I have been thinking about your question and about what is really at the heart of it. I do not believe the term "blind' faith is really the proper way to express what I believe you are asking, but I think I understand what you are looking for. Allow me, if you will, to first offer this observation about faith and then I will give you an example from Abraham rather than Noah to illustrate my point. If you would still like to see how this show up in the example of Noah, I will be happy to provide that for you.
Faith is from the word πίστις which means 'to be persuaded.' The word is translated in the NT as both faith and belief and reflects two interlocking dynamics. The first is the mental acceptance of a set of facts. The second is the action that responds to that acceptance. Belief is the fundamental structure for salvation but belief is never presented in scripture as exclusively an intellectual exorcise. Biblical faith is more than just a simple acknowledgement of a set of revealed truths. Faith is always presented as a behavior structure that actively responds to the word of God. James makes the point that faith apart from obedience to the will of God is not faith. Faith is legitimized only when it is linked to action. We see this in a number of examples given by the Hebrew writer. In Hebrews 11, belief/faith is inseparably linked to an active response that legitimizes what the mind has accepted as true. Without obedience to the will of God, there is no acknowledgement of faith. By faith those offered as examples of faith did what God commanded. Abraham And his sacrifice of Isaac is one of the examples given by the Hebrew writer.
There are truths we can understand from our observation of the natural world, but there are also truths that cannot be ascertained from our observation of the natural world. An observation of our field of experience will only take one so far. It is impossible for logic to breech the threshold into the eternal dimension of God. That requires the element of faith.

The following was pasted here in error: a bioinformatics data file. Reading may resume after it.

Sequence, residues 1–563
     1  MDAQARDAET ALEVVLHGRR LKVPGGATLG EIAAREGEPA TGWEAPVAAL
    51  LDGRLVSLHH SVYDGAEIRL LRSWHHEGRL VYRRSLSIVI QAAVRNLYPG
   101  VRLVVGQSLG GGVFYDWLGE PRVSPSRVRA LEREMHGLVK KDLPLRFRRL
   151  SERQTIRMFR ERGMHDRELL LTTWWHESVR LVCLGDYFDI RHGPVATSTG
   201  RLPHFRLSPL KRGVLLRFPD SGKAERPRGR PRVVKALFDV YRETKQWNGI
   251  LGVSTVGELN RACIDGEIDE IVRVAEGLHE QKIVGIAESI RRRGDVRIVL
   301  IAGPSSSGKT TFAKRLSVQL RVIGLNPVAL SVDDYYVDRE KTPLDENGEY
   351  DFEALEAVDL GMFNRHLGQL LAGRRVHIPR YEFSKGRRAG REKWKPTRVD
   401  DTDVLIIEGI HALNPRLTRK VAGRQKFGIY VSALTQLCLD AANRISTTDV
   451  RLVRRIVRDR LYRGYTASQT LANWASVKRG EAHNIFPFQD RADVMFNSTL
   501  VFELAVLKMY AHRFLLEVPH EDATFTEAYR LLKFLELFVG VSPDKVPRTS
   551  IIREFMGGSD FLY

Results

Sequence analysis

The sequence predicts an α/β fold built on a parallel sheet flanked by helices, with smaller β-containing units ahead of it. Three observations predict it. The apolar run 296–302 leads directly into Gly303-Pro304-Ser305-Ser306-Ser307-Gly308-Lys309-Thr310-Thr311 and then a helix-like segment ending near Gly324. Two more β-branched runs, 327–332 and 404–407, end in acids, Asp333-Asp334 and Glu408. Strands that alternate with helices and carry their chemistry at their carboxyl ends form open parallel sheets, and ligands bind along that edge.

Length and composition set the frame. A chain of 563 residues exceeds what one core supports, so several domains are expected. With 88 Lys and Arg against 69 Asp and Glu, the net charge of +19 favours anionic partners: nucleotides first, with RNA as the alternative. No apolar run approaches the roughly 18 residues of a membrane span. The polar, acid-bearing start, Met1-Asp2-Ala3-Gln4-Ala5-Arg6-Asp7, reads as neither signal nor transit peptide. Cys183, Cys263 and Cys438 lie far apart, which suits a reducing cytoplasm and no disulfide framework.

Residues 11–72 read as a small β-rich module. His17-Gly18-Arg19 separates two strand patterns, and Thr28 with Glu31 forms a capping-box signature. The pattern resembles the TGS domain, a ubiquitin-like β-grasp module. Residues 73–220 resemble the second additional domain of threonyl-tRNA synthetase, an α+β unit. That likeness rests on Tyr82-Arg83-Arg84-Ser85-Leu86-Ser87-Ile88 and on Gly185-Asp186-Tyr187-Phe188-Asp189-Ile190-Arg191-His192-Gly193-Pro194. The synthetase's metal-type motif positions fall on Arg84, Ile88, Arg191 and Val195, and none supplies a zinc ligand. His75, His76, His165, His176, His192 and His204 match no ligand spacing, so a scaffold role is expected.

When Abraham acquiesced to offer Isaac, he did not conclude that God could raise Isaac from the dead based on any logical exercise. There is nothing in the world of man that could possibly lead Abraham to conclude through any logical process that someone could be raised from the dead to rejoin the living. Abraham had to look beyond logic to conclude the possibility of a resurrection. Logically, the facts are as follows:
Knife to the throat = an absolute outcome – death.
Fire to the flesh = absolute outcome – total destruction of the flesh.
These have always produced irreversible results – the death and total thermal consumption of the victim.
Abraham's experiences with offering sacrifices told him that sacrifices do not survive the ordeal; not ever! Human logic, based on human experience says, “If I do this my son will be irretrievably dead and gone.” Something was going to have to happen in Abraham's reasoning processes that would transcend the logic of the human experiential index. Abraham faced a logical dilemma - If Isaac is dead, how will the promise be fulfilled. This seems to create a contradiction between the promise and the command.
Abraham based his decision not on any logical assumptions, but upon the faithfulness of God. Abraham’s conclusion reached beyond the boundaries of applied logic – “God is able to raise one even from the dead.” This is certainly not a logical conclusion. How could Abraham possibly know this? He had no physical evidence to support such an extraordinary conclusion. The text never says that this knowledge was ever revealed to Abraham. He had never had a sacrifice get up off the altar and follow him home after the ordeal. He had had no experience with the dead being raised to life. The only thing Abraham’s experience could confirm to him about death was that logically, it is always decisive and irreversible. This is the limit of the logical approach. Abraham had to believe in something he could not see or otherwise prove empirically. But this was not blind faith. This was faith that was rooted in the revealed promise of God to make his descendants as numerous as the stars of the sky. Abraham came to understand that the realization of the promise was not dependent upon Isaac, whether he is dead or alive. The realization of the promise was dependent solely upon the will and the power of God. There were no other antecedent factors. The Hebrew writer confirms for us that faith was the only factor that drove Abraham’s conclusion and moved him to honor God's demand to sacrifice Isaac. The result of this was that God acknowledged Abraham as faithful, not logical.